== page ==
Lead in drinking water

Drinking water is rarely discussed in Australia as a source of lead poisoning. If your plumbing system dates from the 1930’s, lead pipes may have been used. The concern for most homes however arises out of the common use of lead based solder on brass fittings and copper pipes up until as recently as 1989 and on the use of lead in brass and bronze fittings. As a result of corrosion, there is a potential for the lead to leach into the water after prolonged contact. It is therefore the consumption of first flush water- the first cup of tea or baby bottle in the morning – which presents a hazard.

The quality of drinking water is generally well monitored by the water authorities up to the point where the water pipes reach your property. This is precisely where the problems begin in terms of lead.

Studies conducted in Sydney suburbs revealed that the lead level of first flush tap water in many cases exceeded the acceptable level set by the National Health and Medical Research Council (10 µg/L - micrograms per litre). Samples also showed excessive levels of cadmium and copper.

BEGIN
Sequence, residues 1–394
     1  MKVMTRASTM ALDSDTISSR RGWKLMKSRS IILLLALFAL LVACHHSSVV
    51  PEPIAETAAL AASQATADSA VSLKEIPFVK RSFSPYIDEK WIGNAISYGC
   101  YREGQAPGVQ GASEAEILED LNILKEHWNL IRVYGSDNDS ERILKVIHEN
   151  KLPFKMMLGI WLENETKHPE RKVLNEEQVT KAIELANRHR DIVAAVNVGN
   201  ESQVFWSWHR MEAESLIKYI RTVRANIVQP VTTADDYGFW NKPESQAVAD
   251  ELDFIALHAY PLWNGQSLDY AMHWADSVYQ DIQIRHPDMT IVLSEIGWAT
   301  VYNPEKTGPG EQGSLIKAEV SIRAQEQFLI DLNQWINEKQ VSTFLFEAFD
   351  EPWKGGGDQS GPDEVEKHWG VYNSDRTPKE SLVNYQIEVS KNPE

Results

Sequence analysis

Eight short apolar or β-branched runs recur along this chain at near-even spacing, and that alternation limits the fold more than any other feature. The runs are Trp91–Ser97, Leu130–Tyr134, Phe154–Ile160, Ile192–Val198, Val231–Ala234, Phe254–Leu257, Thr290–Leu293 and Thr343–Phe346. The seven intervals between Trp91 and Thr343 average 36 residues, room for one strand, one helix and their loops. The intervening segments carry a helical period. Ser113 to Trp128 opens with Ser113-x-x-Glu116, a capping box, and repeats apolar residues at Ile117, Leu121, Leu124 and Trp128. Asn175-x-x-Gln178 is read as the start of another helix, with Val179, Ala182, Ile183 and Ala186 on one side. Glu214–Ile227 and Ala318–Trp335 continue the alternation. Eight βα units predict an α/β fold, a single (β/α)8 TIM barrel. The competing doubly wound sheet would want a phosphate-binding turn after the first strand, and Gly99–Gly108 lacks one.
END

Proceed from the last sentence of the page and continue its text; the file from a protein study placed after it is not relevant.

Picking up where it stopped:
There is also no obligation for the manufacturers of lead based solder to label their product as unsuitable for drinking water plumbing. So beware of DIY plumbing jobs!

Water from rainwater tanks may also present a risk of lead contamination as a result of lead paint or flashing on roofs, lead paint or soldering in the guttering, soft solder or lead fallout from air pollution. A study showed that one quarter of tank-water samples tested in Victoria contained more than the acceptable level of lead.

"Will that be leaded or unleaded coffee sir?"

A study conducted in Perth on water collected from water boilers, urns and coffee and cappuccino machines from restaurants, offices, workplaces and schools, found that 67% of the samples contained excessive levels of lead. The probable source of the contamination was brass components in contact with hot water.

Prevalence of lead poisoning

Lead poisoning has been referred to as the "silent epidemic’ because at lower levels of lead exposure, there are no or few observable symptoms, and it is also probably the most undiagnosed condition affecting children and adults.

The lack of monitoring of blood lead levels is certainly a critical factor in the public's perception of the prevalence of lead poisoning.